Poorly maintained car tyres could put thousands of Australian mums and their families at risk when they take to the roads these summer holidays, according to a Brisbane tyre dealer and mother of two.
Annette Chapman, who runs the Morningside Tyrepower outlet in Brisbane’s central suburbs with husband Ian, said that families embarking on summer road trips need tyres that can cope with the intense heat, torrential rain and heavy traffic typical of the school holiday period.
“If you venture out on the road on poorly maintained tyres you’re not only jeopardising yourself and your family, but other road users as well,” Mrs Chapman said.
“Underinflated tyres generate excess heat and, with road surfaces hitting 60 and 70 degrees in summer, they can overheat and fail, with catastrophic results.”
With wild weather recently lashing Australia’s east coast, Mrs Chapman believes her message to fellow mothers is particularly timely.
“We sometimes forget that we get huge storms over the summer, which can dump hundreds of millimetres of water in a single day.
“This can leave a lot of standing water on the road surface, which could lead to hydroplaning if your tyres are not in good condition.
“Unless you’ve experienced hydroplaning, it’s hard to describe how completely you lose control of your vehicle – you can’t turn or brake; you’re just a passenger at the mercy of physics.”
The Toyo Tire retailer warned against attempting to save money by purchasing cheap tyres.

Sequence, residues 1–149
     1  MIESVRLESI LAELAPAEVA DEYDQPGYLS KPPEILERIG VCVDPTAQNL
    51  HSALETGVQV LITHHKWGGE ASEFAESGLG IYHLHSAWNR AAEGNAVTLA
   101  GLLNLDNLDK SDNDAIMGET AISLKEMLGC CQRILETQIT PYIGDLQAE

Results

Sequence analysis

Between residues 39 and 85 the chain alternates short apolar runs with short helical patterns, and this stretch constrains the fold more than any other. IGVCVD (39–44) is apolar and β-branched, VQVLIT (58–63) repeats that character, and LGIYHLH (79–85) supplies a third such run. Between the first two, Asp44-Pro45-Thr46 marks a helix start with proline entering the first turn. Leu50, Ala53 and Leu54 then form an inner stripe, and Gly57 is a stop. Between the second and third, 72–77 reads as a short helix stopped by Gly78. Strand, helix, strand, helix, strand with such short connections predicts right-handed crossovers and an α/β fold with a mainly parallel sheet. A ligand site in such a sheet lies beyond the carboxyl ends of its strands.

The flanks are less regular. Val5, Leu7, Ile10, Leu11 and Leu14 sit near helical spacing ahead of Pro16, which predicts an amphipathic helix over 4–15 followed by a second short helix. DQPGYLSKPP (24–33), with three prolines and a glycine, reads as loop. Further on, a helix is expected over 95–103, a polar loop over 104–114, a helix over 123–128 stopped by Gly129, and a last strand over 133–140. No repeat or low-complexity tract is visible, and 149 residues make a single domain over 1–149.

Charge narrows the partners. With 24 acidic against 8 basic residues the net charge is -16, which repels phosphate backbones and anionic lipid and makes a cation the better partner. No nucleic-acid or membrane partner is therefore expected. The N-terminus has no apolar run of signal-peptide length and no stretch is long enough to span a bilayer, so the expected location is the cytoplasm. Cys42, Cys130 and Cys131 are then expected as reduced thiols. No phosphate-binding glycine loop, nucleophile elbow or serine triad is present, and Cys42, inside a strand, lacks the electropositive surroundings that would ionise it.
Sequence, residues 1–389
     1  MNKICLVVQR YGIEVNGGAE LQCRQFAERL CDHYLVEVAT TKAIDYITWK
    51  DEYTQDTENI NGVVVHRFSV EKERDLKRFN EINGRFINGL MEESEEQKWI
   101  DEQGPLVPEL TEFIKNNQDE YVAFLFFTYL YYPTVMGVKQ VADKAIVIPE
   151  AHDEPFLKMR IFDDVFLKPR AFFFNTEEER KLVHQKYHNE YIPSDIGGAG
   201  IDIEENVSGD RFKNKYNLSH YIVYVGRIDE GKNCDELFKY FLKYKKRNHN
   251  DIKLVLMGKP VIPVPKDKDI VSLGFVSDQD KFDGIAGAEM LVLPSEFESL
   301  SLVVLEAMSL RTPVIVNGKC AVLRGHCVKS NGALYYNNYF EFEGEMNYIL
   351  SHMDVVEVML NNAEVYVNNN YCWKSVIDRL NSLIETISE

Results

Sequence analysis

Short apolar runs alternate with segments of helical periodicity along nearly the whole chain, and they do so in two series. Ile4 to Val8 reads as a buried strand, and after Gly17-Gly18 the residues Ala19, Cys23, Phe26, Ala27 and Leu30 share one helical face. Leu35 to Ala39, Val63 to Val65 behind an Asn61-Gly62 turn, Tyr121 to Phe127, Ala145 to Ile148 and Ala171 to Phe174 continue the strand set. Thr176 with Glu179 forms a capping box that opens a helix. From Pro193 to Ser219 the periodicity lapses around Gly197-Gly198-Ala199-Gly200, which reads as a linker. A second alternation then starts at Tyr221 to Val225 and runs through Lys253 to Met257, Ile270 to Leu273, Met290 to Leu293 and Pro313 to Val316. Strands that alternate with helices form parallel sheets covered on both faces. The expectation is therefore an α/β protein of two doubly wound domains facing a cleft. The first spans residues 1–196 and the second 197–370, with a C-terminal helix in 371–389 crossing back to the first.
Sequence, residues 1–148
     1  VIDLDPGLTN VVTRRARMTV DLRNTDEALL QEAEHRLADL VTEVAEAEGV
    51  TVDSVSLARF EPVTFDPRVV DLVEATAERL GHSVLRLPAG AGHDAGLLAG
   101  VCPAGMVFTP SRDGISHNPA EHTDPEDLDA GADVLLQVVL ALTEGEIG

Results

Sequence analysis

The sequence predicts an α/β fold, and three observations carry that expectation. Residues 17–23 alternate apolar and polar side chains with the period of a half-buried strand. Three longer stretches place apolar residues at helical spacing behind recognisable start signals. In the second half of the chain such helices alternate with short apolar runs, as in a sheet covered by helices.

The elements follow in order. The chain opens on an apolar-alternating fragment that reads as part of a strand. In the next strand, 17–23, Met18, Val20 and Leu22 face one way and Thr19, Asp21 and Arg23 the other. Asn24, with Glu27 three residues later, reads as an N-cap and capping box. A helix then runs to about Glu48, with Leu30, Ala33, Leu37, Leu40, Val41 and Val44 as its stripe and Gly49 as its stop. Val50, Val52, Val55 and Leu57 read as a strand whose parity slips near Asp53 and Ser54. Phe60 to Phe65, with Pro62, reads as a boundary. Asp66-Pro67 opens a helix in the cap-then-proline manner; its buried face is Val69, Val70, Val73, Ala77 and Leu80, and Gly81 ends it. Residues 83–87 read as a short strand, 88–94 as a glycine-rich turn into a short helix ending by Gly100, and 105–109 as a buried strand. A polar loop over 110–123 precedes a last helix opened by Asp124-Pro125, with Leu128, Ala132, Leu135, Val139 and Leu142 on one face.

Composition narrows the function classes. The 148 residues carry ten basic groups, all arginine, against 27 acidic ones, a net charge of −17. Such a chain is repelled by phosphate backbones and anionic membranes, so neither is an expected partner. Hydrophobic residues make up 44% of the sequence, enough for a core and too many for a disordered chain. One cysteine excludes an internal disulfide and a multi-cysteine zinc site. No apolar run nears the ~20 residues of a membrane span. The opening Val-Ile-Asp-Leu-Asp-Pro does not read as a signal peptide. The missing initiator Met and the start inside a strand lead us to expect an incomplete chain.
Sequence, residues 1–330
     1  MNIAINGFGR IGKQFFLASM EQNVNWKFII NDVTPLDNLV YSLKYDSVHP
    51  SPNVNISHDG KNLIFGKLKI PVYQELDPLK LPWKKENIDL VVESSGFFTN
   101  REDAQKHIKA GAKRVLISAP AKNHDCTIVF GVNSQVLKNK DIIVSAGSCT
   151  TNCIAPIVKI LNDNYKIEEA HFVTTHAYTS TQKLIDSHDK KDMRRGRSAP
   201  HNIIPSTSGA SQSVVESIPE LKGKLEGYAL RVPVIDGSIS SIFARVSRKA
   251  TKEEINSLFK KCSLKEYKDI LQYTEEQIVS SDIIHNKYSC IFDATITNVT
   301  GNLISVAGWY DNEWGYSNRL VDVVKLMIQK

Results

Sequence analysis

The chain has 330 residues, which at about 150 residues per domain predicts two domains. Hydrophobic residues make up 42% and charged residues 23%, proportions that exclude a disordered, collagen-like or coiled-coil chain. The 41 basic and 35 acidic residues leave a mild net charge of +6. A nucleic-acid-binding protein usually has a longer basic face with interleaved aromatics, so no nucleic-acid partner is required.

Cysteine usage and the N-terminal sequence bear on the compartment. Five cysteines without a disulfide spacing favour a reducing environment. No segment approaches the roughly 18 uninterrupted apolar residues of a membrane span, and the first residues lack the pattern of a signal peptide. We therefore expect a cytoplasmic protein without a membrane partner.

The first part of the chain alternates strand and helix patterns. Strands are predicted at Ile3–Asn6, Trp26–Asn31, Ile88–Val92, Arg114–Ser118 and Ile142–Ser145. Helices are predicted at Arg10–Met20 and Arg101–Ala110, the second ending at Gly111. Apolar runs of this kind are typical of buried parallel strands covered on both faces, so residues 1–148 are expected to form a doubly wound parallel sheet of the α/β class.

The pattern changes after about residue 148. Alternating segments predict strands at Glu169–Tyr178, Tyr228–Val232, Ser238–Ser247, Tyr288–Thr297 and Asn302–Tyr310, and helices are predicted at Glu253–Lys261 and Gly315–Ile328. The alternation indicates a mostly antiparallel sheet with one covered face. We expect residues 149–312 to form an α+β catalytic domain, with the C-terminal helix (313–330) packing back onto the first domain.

“Well-known and trusted tyre companies such as Toyo spend millions of dollars every year developing rubber compounds that deliver greater safety in all conditions,” she said.
“The safety, grip and stability offered by respected tyre brands will help you stay on the road in slippery conditions, stop in shorter distances and remain in control of your vehicle.
“On the other hand, there’s a good chance that manufacturers of lower-priced tyres use older, simpler rubber compounds that sacrifice grip and stability for better tyre wear, but you’re risking a lot to save a few dollars.”
Mrs Chapman said that to save money on tyres, Australian families should follow simple tyre maintenance checks – a practice that could also save their lives.
“Poorly maintained tyres will need to be replaced more often, so it pays to look after them,” she said.
“Also, correct inflation is the simplest and most cost-effective way to improve fuel economy, even beyond what you can achieve with low rolling resistance tyres.
“So you’re saving money while ensuring your family’s safety – what could be better?”
Mrs Chapman said a simple five-minute check could prove the difference between an uneventful journey and a horrific accident.
“A lot of people are really busy, and tyre maintenance doesn’t even pop up on their radar,” she said.
“We really need a shift in our thinking – every time we fill up the petrol tank, we should be checking the condition of our tyres – it really doesn’t take very long.”
Annette Chapman’s tyre checklist before hitting the road these summer holidays
- Read the tyre placard in the driver’s door sill and make sure tyre pressure meets the manufacturer’s recommended level at a minimum – slightly higher pressure yields better heat dissipation, stability and fuel economy.
- Check the tread across the entire surface of the tyre – uneven wear is a symptom of improper inflation or poor alignment, both of which are easily fixed.
- Look for nails or screws embedded in the tyre; it’s better than getting a flat tyre in the rain, miles from anywhere.
- Inspect the sidewalls for cuts, gouges or bulges – these require immediate attention from an expert tyre technician, as they could be a sign of imminent tyre failure